While climate denial pervades the Trump administration, and climate change information is wiped off of official websites, American concern about climate change is skyrocketing. Nearly seven in ten Americans report they are personally concerned about climate change. Half of Americans report they are more concerned now that Trump is President.
The May 2017 American Climate Perspectives Survey conducted by ecoAmerica found half of Americans are more concerned about climate change since Trump’s election.
Since Trump has been elected, are you more, less, or the same concerned about climate change and the environment? 801 respondent(s), select one, % Same Concern vs. More vs. Less
Nearly 80% of Democrats report they are more concerned about climate change since the election; 53% of Independents feel similarly. An equal number of Republicans are more concerned (15.5%) as are less concerned.
But political affiliation is not the only determinant of climate concern. Women report a great deal more concern about climate change (75%) than do men (61%); nearly half (47%) of women reporting being very concerned (vs. 36% of men). Women also report a larger increase in climate concern (57%) since Trump has been elected (vs. 43% of men).
Only 7% of respondents reported they are less concerned about climate since Trump got elected, and these Americans are typically male (63%) over 60 years of age (33%) with annual income of $75K and over (33%).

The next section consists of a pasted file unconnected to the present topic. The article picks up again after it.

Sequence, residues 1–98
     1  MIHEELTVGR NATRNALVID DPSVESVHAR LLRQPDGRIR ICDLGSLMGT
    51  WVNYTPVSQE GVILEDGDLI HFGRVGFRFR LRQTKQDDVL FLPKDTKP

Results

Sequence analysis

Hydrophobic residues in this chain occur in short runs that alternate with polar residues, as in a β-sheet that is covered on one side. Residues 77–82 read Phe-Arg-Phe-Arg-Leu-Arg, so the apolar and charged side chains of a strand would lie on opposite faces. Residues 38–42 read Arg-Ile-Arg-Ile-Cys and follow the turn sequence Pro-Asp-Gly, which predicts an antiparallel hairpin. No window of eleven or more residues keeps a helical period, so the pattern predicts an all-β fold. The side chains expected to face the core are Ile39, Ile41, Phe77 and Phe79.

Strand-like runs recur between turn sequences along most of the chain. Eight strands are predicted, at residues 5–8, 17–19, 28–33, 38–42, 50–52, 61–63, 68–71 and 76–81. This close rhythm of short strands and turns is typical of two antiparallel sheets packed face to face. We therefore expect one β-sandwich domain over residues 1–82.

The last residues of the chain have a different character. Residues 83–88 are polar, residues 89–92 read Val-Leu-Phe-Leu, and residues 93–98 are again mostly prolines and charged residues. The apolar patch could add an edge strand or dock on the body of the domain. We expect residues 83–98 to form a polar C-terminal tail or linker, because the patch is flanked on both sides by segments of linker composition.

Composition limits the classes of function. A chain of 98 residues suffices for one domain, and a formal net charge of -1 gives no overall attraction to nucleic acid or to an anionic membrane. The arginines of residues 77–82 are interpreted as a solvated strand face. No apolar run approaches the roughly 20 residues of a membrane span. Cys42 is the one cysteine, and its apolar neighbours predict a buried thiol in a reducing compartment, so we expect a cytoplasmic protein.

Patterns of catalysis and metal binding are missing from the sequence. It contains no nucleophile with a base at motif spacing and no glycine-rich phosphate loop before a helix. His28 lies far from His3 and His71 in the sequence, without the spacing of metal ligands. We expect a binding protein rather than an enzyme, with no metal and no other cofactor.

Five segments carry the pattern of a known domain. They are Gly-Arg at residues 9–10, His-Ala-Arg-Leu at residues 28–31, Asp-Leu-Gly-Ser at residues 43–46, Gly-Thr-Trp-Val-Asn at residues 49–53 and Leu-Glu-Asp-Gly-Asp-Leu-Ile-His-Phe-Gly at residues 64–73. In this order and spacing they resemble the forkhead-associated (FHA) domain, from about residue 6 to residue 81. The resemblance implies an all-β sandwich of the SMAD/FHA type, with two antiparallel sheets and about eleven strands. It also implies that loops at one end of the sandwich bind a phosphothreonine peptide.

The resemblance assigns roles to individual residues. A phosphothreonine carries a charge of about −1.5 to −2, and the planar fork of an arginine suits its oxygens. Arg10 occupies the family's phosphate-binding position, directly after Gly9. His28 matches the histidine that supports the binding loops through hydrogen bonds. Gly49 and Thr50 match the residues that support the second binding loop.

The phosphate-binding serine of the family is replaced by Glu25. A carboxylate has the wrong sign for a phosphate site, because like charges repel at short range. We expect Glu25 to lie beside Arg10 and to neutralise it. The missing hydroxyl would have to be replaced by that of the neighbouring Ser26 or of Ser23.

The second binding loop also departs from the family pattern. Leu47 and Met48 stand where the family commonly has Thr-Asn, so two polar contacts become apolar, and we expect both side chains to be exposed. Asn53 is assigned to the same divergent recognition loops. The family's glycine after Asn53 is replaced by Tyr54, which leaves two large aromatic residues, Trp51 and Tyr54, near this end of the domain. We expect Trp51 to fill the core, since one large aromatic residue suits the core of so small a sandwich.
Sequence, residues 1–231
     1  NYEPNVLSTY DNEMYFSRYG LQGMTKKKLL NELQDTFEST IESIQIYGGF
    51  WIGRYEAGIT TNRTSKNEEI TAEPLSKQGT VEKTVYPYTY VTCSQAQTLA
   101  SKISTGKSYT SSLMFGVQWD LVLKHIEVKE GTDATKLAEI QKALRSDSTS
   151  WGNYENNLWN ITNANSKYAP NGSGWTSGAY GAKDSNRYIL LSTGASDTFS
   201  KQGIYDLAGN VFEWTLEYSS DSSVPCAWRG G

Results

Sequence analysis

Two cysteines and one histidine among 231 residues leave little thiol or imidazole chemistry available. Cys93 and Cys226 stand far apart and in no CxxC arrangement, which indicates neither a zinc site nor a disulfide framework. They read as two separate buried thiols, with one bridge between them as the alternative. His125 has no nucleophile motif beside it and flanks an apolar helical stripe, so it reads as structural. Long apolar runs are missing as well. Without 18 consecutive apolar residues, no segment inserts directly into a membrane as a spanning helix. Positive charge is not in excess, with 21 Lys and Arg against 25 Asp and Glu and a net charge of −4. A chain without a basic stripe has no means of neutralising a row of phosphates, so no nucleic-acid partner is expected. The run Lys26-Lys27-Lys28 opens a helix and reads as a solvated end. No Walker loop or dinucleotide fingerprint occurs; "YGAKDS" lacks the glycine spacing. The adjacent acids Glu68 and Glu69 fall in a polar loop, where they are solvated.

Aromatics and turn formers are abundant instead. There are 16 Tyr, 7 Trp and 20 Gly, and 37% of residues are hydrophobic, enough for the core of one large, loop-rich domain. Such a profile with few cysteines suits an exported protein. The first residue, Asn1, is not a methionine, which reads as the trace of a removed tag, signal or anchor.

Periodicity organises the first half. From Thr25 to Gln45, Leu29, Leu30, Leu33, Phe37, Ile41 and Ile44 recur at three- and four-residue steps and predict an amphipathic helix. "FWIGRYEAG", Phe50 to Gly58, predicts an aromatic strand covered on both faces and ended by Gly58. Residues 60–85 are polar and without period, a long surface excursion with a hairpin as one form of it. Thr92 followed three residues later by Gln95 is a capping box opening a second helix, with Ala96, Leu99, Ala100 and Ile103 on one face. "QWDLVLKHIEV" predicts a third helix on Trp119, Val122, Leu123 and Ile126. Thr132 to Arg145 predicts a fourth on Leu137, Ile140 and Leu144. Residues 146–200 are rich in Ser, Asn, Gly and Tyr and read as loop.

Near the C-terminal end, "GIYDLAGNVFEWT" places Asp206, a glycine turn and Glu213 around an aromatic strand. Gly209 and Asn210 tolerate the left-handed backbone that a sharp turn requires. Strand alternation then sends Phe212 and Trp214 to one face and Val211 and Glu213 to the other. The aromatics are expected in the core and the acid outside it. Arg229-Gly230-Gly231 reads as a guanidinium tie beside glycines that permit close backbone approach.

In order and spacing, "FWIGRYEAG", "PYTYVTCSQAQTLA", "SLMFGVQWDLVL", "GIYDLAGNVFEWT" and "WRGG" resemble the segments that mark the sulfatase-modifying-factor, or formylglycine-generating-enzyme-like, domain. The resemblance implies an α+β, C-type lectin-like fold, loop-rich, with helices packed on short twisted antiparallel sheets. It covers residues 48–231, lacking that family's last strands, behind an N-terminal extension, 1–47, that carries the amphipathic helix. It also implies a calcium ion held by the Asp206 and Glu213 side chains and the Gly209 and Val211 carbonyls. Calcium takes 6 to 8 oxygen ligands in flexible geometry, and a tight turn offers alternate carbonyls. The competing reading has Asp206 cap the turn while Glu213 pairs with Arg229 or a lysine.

Climate Concern by Gender
801 respondent(s). select one, % Total Concern
When looking at the overall concern about climate change, we see that more than twice as many Democrats are concerned about climate than Republicans.
How personally concerned are you about climate change
801 respondent(s). select one, % Total Concern vs. Very Concerned vs. Not Concerned at all
ecoAmerica designed and fielded this survey. It was conducted online from April 7 – 13, 2017 using Survey Monkey. The nationally representative sample of 801 adults was drawn from an online panel and respondents were screened to be over the age of 18 residing in the United States. The margin of error for the sample is +/-3.5%. In interpreting survey results, all sample surveys are subject to possible sampling error; that is, the results of a survey may differ from those, which would be obtained if the entire population were interviewed. The size of the sampling error depends upon both the total number of respondents in the survey and the percentage distribution of responses to a particular question. For example, if 50% of respondents in a sample of 900 respondents answered, “Yes” to a particular question, we can be 95% confident that the true percentage will fall within 3.5 points, or from 46.5% to 53.5%.
Speiser, M., and Fery, P. (2017). ecoAmerica American Climate Perspectives: May 2017. Climate Change Concern Skyrockets In Response to Trump. ecoAmerica. Washington, D.C.
For more information contact Meighen Speiser, ecoAmerica Chief Engagement Officer at [email protected]